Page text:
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Interdisciplinary investigation of Pitch coding in whispered speech

Final Report Summary - INTERPITCH (Interdisciplinary investigation of Pitch coding in whispered speech)

INTERPITCH – 254618

Final publishable summary report

Introduction

In normal (i.e. phonated) speech, the movement of the vocal folds generates a harmonic signal at the speaker's fundamental frequency (F0). This harmonic signal evokes a clear pitch at the fundamental frequency, that crucially contributes to the communication of tone and intonation, but also to conveying speaker gender, emotion and intention, across many languages. As opposed to phonated speech, the vocal folds are fixed in whispered speech, and as a result there is no F0. Though perception of intonation is generally better in phonated than in whispered speech, the lack of F0 -the main perceptual cue- still allows listeners to perceive tone differences in whisper. The goal of this study was to systematically investigate how intonation is coded in whispered speech. To do so, an interdisciplinary approach was taken combining psychoacoustics, auditory modelling and phonetics, as both fields of research differently contribute to understanding the processes involved in speech communication.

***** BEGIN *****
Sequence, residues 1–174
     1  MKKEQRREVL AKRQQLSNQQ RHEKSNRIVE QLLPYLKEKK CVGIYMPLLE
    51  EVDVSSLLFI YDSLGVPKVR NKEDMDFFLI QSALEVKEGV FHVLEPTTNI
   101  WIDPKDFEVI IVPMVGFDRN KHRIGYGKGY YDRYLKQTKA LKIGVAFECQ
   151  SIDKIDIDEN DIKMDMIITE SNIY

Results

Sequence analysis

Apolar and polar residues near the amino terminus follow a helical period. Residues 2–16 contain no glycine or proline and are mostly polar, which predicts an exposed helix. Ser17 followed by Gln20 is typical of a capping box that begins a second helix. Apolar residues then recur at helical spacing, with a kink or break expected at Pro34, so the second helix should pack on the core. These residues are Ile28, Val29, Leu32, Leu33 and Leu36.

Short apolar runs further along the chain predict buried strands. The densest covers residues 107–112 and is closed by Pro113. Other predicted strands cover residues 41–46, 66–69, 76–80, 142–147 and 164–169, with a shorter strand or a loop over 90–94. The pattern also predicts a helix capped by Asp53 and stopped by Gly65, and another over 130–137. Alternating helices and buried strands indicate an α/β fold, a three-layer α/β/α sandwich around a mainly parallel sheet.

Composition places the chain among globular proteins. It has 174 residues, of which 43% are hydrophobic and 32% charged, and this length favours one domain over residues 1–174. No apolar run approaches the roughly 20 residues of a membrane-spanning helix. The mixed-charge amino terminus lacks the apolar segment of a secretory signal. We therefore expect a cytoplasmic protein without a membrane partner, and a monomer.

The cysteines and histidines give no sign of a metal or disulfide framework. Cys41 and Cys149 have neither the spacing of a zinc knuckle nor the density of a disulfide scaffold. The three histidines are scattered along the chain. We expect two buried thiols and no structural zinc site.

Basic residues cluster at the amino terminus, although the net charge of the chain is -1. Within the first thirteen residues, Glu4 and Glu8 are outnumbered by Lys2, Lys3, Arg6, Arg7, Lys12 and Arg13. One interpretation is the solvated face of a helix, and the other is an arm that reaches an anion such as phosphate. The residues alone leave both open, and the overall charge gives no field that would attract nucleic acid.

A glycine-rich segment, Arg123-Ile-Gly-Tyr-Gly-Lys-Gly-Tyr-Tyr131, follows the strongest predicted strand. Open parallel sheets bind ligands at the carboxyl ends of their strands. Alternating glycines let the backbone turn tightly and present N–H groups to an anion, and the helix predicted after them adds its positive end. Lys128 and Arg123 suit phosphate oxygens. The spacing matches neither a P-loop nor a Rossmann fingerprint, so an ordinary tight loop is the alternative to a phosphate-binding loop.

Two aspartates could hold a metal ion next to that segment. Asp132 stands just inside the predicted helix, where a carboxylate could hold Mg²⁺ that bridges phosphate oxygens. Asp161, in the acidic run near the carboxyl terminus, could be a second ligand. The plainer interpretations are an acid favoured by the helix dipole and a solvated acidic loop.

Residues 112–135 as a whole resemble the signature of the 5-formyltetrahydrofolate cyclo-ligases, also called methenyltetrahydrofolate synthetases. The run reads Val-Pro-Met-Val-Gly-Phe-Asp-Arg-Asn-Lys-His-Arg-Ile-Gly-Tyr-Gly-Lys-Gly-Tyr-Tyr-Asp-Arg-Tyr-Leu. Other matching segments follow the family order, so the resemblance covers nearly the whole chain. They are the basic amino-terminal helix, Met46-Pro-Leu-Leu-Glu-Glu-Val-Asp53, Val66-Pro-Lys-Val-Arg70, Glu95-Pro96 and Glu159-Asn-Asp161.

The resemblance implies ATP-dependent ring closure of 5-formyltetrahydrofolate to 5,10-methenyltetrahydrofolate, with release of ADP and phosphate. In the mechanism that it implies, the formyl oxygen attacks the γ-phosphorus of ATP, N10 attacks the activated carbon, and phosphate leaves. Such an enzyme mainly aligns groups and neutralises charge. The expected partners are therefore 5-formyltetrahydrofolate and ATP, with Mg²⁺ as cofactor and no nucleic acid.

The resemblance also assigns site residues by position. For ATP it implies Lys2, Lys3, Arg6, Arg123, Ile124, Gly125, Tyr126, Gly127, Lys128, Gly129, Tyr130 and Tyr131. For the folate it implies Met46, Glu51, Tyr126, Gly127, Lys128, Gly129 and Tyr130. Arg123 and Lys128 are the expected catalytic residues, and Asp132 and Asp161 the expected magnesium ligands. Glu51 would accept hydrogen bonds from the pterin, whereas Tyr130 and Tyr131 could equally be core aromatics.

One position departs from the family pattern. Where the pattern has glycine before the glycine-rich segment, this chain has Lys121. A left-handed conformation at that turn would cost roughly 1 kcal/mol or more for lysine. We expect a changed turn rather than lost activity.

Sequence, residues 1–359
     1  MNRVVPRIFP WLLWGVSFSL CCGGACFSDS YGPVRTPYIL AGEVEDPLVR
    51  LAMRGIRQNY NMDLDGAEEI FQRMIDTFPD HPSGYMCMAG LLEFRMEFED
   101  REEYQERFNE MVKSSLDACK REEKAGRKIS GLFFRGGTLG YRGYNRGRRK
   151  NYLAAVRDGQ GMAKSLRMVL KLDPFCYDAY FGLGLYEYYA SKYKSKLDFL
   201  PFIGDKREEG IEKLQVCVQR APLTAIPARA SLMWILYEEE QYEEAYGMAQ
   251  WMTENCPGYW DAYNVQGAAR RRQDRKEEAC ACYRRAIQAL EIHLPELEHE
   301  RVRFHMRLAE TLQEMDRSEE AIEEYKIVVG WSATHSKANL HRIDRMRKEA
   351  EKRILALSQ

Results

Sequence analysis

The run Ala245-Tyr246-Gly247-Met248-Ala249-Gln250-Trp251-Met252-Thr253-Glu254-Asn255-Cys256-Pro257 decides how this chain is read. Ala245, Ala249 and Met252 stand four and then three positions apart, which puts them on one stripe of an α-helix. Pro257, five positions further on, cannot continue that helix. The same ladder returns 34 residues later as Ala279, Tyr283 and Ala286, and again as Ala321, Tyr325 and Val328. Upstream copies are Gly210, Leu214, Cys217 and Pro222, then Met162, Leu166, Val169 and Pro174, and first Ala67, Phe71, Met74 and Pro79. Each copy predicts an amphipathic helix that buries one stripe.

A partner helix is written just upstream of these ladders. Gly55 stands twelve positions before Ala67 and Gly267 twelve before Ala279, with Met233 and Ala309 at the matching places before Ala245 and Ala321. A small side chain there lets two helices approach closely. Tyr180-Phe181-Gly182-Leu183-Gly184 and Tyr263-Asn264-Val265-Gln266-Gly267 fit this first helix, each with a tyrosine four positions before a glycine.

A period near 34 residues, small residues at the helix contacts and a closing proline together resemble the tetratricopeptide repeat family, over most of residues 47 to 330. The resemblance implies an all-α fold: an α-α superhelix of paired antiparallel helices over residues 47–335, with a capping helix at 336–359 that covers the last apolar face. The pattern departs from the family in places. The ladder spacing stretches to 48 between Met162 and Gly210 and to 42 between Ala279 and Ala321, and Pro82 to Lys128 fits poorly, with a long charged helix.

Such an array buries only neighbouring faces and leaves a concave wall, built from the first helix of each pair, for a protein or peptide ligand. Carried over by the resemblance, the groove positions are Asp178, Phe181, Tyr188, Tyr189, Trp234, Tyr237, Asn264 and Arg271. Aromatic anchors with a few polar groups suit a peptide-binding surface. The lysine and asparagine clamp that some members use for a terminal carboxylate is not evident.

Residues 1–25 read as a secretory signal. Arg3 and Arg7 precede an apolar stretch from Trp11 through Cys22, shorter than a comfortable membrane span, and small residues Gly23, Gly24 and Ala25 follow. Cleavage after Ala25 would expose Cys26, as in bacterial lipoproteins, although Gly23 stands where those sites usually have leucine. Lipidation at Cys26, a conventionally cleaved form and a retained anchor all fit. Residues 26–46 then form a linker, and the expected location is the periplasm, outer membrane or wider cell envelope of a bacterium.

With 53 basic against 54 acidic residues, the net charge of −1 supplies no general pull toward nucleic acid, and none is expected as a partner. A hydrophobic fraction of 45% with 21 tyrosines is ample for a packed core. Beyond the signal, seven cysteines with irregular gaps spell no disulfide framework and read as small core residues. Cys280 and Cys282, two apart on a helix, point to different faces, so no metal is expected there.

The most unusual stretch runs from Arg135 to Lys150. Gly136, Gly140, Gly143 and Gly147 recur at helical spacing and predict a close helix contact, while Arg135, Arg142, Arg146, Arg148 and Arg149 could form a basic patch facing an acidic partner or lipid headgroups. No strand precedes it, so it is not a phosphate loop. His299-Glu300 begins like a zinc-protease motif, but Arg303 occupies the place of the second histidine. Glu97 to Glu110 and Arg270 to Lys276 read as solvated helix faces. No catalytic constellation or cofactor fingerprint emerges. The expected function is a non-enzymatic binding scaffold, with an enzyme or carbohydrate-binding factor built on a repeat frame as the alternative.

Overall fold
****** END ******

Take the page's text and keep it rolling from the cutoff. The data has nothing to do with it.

Method

To answer the research questions whether and how whispering speakers adapt their output to transferring intonation, parallel production and perception data were collected of both normal and whispered speech. We have taken the case of boundary tones, signaling either an interrogative (i.e. question) or an affirmative (i.e. statement).

Speech perception was explored by dividing the speech spectrum into a number of spectral regions, and studying the relative information content and influence of each of those spectral regions on pitch perception. These spectral regions (i.e. their cutoff frequencies) were determined by taking into account the known limits of the auditory system that constrain pitch perception for harmonic signals. Various vowel contexts were included in the perception experiments to explore possible variation in expressing whispered intonation as well as restrictions set by the speech context in which the intonation is expressed.